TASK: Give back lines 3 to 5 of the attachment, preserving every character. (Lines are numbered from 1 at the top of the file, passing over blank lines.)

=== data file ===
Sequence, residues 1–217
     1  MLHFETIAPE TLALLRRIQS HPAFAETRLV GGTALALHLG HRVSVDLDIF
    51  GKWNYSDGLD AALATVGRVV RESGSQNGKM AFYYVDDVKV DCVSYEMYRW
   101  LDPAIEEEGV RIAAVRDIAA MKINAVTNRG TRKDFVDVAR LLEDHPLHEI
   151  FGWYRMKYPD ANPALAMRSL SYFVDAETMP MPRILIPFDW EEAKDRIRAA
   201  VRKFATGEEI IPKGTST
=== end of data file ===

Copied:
    51  GKWNYSDGLD AALATVGRVV RESGSQNGKM AFYYVDDVKV DCVSYEMYRW
   101  LDPAIEEEGV RIAAVRDIAA MKINAVTNRG TRKDFVDVAR LLEDHPLHEI
   151  FGWYRMKYPD ANPALAMRSL SYFVDAETMP MPRILIPFDW EEAKDRIRAA